The Hill's Morning Report — Category 5 Mueller storm to hit today

The Hill's Morning Report — Category 5 Mueller storm to hit today
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Welcome to The Hill’s Morning Report. Happy Thursday! Our newsletter gets you up to speed on the most important developments in politics and policy, plus trends to watch. Co-creators are Alexis Simendinger and Al Weaver (CLICK HERE to subscribe!). On Twitter, find us at @asimendinger and @alweaver22.


The trajectory of Donald TrumpDonald John TrumpTwitter CEO: 'Not true' that removing Trump campaign video was illegal, as president has claimed Biden formally clinches Democratic presidential nomination Barr says he didn't give 'tactical' command to clear Lafayette protesters MORE’s presidency, a divided Congress and the 2020 election will be jolted by what happens in the next few hours. 

Attorney General William BarrWilliam Pelham BarrBarr says he didn't give 'tactical' command to clear Lafayette protesters The failure of the other police officers to stop George Floyd's killing may be the biggest challenge 18 state attorneys general request authority to investigate local police MORE is set to release special counsel Robert MuellerRobert (Bob) MuellerCNN's Toobin warns McCabe is in 'perilous condition' with emboldened Trump CNN anchor rips Trump over Stone while evoking Clinton-Lynch tarmac meeting The Hill's 12:30 Report: New Hampshire fallout MORE’s report in what is shaping up to be one of the most highly anticipated investigative releases to hit Washington in quite some time.


A redacted report is expected to be released at some point after Barr and Deputy Attorney General Rod RosensteinRod RosensteinGraham postpones Russia probe subpoena vote as tensions boil over GOP chairmen stake out turf in Obama-era probes McCabe, Rosenstein spar over Russia probe MORE hold a 9:30 a.m. press conference at the Department of Justice. Reactions from the White House, the president’s lawyers, lawmakers, 2020 candidates and more are already a torrent before Americans get to read a single word. 

As Olivia Beavers writes, the findings could turn the Beltway into a political firestorm. The White House has a 35-page response to the report ready to go, while lawmakers wait anxiously for the report itself. House Judiciary Committee Chairman Jerrold NadlerJerrold (Jerry) Lewis NadlerHouse Judiciary Committee to hold hearing on police brutality next week House Judiciary to hear whistleblowers on 'politicization' of Justice Dept under Trump House Democrats unveil measure to condemn police brutality MORE (D-N.Y.) objected on Wednesday evening to the procedures the Justice Department decided on.

While questions surrounding the report have been numerous, those that come after the report’s release will multiply. What will be the next move of House Democrats and the relevant committees? What, if anything, will change for the president’s situation? How will it affect his reelection chances and the bids of 2020 Democrats? And on and on they will likely go.

The fact that Barr’s presentation takes place before journalists or lawmakers have a chance to read it this morning sparked a frenzy of objections on Wednesday and invited outrage from Nadler and other Democrats, who called for the news event to be canceled and held a press event of their own Wednesday night.

Bottom line: Barr and Rosenstein will walk into a testy press gathering this morning. And Mueller will not attend the press conference as questions surround why the White House was reportedly briefed on the report while Congress and the public won’t see it until after Barr and Rosenstein speak.

The release will come less than a month after Barr wrote a four-page memo describing findings drawn from the report. He said Mueller found no conspiracy between the president, his representatives and Russia to influence the 2016 election. And Barr said there was not sufficient evidence for a criminal charge of obstruction of justice, although Mueller and his team presented evidence on both sides of the question while saying the evidence did not “exonerate” Trump.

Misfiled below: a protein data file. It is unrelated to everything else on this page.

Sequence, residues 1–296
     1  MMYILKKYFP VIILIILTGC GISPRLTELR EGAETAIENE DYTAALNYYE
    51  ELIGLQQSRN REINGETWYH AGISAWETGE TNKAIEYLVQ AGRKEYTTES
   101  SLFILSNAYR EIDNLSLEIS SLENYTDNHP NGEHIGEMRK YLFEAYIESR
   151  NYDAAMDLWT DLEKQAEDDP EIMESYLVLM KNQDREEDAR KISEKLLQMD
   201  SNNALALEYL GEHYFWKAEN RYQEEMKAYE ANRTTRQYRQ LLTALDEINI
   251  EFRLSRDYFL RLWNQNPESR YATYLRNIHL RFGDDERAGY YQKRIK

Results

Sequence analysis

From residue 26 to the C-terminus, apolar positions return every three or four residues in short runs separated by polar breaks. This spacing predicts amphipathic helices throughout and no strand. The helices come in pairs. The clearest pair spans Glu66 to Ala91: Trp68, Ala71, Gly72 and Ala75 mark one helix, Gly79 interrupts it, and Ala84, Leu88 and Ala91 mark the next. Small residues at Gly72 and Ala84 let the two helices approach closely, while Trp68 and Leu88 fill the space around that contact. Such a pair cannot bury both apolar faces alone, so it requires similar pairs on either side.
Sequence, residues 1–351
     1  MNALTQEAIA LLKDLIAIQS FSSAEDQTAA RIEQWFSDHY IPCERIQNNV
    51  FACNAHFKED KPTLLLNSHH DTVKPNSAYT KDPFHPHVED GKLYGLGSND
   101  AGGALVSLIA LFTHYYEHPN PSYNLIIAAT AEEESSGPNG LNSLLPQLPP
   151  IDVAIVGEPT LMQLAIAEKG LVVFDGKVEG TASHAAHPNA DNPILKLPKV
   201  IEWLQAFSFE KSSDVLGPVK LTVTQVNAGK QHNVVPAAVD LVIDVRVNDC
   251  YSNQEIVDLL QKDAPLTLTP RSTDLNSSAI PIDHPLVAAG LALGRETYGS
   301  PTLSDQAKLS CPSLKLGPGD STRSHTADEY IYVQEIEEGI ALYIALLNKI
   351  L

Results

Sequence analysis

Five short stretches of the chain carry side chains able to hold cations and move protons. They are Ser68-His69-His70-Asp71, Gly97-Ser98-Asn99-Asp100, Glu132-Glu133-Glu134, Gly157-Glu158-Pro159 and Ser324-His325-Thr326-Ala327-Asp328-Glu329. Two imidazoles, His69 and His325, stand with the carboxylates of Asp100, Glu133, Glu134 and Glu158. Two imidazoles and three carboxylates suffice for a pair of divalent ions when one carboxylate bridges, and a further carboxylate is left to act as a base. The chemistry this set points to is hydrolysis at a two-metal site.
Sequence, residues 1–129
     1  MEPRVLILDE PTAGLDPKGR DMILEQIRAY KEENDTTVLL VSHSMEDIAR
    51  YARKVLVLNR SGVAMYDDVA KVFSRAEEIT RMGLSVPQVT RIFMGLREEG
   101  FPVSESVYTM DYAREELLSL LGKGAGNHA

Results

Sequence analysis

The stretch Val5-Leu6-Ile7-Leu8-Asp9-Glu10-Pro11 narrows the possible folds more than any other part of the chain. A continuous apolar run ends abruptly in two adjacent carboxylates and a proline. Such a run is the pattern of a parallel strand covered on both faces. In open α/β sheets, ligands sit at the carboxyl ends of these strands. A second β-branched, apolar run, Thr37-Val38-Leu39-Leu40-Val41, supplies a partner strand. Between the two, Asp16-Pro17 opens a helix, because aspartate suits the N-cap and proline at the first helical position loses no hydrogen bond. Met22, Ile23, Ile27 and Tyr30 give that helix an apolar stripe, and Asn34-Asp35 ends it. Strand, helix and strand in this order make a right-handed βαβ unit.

Reporters are expected to sprint toward any text detailing Mueller’s findings on obstruction. The White House is expected to repeat Trump’s narrative that he’s been cleared: “no obstruction, no collusion.” 

A major question in some circles, particularly the White House, is what Don McGahn, the former White House counsel, told Mueller during the course of 30 hours of interviews. Trump’s lawyers were unaware months ago of what McGahn told Mueller and did not have a full accounting of what he said during those meetings, something they never asked for.


For those hoping to read the edited report, copies are expected to be posted on the special counsel’s website.

The New York Times: A guide to the report.

The Washington Post: Report expected to be a lightly redacted version of Mueller’s findings.

The Washington Post: Three ways the Mueller report still threatens Trump.

The Hill’s Jacqueline Thomsen reports that the Justice Department is planning to let some lawmakers view the Mueller report “without certain redactions,” a revelation that came out in a court filing Wednesday as part of the criminal case involving longtime GOP operative Roger StoneRoger Jason StoneTrump retweets message calling for Roger Stone pardon: 'He can sleep well at night!' Democrats aim to amend Graham subpoena to include Trump allies Roger Stone to surrender to prison by June 30 MORE.

However, most members will not have that ability and will get the redacted version. Sen. Ron JohnsonRonald (Ron) Harold JohnsonGraham postpones Russia probe subpoena vote as tensions boil over GOP votes to give chairman authority to subpoena Obama officials Democratic senator to skip vote on Obama-era subpoenas MORE (R-Wis.) said in an interview with the Morning Report that he expects today’s document to be a tough read because of the blacked-out text.

“I would say a frustrating read. I’ve read documents that are redacted. They’re really hard to follow the flow. You don’t know what’s missing, so it will be an incomplete accounting,” Johnson said Wednesday when asked of his expectations. “I’m particularly interested to see whether Mueller at all investigated or even questioned the FBI, the intelligence community, the Department of Justice in terms of their predicate, whether this was reasonable, whether anybody needs to be held accountable there. That might just be part of the redaction if that’s part of the ongoing investigation. I think it will be frustrating for people.”